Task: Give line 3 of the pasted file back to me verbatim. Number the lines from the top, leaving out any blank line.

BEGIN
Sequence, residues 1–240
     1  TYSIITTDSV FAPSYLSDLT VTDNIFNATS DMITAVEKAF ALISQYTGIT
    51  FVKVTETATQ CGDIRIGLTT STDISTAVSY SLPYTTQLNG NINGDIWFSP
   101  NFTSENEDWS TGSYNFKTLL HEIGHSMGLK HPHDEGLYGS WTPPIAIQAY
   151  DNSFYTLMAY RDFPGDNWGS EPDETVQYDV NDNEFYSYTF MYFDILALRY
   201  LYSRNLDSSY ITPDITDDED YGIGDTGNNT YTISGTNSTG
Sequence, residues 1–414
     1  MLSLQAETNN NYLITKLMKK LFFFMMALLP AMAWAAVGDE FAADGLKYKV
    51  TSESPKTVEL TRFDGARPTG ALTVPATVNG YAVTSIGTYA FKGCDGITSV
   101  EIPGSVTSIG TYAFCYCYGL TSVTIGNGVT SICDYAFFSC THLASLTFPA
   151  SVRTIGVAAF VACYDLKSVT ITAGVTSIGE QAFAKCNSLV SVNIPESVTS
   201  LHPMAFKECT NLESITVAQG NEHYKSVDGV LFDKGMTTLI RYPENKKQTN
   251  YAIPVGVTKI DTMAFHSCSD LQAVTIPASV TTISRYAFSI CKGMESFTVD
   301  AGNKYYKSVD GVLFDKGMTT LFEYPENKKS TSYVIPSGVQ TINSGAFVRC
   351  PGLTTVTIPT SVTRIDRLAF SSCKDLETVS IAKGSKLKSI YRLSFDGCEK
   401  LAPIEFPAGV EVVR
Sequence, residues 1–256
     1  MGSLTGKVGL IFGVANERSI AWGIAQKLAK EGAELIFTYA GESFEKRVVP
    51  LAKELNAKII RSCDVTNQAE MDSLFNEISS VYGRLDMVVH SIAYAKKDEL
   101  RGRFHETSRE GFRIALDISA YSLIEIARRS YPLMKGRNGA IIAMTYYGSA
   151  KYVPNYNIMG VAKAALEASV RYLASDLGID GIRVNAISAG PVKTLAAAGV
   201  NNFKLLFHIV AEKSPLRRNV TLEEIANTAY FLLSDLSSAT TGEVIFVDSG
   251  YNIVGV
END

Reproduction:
    51  FVKVTETATQ CGDIRIGLTT STDISTAVSY SLPYTTQLNG NINGDIWFSP